This is a continuation of the update in last month's briefing. The exchange of information by the Macau SAR under Law 5/2017 – which established the new regime for the exchange of information with foreign entities on tax matters – may also occur upon a request being received from a foreign country which is a contracting party to an international agreement or convention on double taxation or on prevention of tax evasion. This is, however, subject to reciprocity: the Macau SAR will only process requests received from countries that would admit a similar request if made by the Macau SAR.
This procedure applies to individuals and entities in respect of whom the target information is considered relevant for the purposes of the application or the enforcement of the internal laws of the requesting country, such as the liquidation of income tax in that country. The scope of information which may be subject to reporting is wide and includes information available to the Macau Financial Services Bureau (DSF), but also information in the possession of other Macau public services or entities. It includes information on the identity of holders of corporate bodies and beneficiary stakeholders of collective persons, their accounting and supporting documents, and any other information deemed relevant in the context of each reporting exercise. It also includes information kept by financial and offshore institutions, insurance and reinsurance companies, funds and fund management companies. Reporting by the Macau SAR is, however, limited to information related to the year of the request and to the previous five years.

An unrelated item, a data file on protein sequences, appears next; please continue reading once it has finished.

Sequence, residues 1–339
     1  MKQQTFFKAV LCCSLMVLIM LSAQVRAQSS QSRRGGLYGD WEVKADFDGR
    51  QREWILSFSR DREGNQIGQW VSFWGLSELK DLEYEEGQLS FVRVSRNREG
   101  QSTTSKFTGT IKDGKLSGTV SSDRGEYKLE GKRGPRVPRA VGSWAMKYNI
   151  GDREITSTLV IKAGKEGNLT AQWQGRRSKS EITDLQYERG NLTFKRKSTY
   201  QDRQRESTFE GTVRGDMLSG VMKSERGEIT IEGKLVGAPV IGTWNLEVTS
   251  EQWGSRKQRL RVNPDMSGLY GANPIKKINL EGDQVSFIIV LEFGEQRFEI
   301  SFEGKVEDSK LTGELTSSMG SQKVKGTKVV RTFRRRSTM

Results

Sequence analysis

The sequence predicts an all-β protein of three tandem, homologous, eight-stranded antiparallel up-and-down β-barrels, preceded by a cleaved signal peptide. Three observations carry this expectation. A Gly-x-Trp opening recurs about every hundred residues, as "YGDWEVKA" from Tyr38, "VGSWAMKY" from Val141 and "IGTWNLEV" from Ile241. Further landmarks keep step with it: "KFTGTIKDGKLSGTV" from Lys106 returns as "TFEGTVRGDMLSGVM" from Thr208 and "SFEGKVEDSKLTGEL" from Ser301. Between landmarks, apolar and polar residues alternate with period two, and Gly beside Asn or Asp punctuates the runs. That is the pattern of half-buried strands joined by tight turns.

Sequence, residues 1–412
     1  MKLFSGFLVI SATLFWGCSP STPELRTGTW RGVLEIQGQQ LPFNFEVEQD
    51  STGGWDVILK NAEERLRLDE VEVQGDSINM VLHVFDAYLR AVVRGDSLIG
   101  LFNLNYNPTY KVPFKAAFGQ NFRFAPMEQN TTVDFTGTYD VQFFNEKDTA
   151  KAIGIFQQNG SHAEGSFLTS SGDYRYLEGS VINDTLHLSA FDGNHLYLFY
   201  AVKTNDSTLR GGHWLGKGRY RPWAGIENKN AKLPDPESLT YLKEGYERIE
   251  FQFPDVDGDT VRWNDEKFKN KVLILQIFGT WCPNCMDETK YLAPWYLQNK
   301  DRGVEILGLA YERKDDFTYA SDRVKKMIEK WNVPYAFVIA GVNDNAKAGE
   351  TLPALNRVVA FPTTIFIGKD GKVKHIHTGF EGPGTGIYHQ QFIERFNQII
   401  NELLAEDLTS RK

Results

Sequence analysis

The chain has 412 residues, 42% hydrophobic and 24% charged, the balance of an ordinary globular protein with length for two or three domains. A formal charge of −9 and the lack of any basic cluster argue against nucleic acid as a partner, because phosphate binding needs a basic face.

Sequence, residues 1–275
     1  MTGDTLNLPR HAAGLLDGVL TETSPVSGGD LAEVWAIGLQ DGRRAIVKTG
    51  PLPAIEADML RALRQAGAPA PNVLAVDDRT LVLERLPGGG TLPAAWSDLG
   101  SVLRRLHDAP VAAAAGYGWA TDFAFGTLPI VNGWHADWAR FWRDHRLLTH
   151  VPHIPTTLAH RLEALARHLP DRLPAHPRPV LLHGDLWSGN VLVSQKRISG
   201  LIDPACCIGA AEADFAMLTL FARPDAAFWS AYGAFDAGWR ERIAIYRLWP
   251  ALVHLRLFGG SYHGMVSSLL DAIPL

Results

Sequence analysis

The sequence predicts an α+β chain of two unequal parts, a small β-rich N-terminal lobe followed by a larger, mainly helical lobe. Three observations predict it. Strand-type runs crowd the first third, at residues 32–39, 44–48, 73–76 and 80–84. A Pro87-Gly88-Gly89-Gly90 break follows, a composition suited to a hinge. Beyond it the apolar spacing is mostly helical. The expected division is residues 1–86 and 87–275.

Aside from this, the Macau SAR may also dismiss a request on the following grounds: (i) reasons of public interest, when the information may reveal public secrets, or compromise public safety and/or public order; (ii) the protection of trade, industrial or professional secrets; and, (iii) the protection of privilege, when the information is related to the communications exchanged between attorneys, solicitors or legal representatives, and their clients, in the context of pending or potential litigation, or the provision of legal advice.
As a rule, the DSF has to inform the relevant individuals or entities as to the contents of the procedure, save when the requesting country states otherwise or when the exchange of information envisages the protection of a particularly relevant public interest.
The Chief Executive is the entity with the competence to decide on the acceptance (or dismissal) of a request for the exchange of information received by Macau SAR. The relevant individuals or entities can challenge such decisions and may seek to suspend the procedure pending final judicial adjudication.
(to be continued)
|João Nuno Riquito |
and Bruno Almeida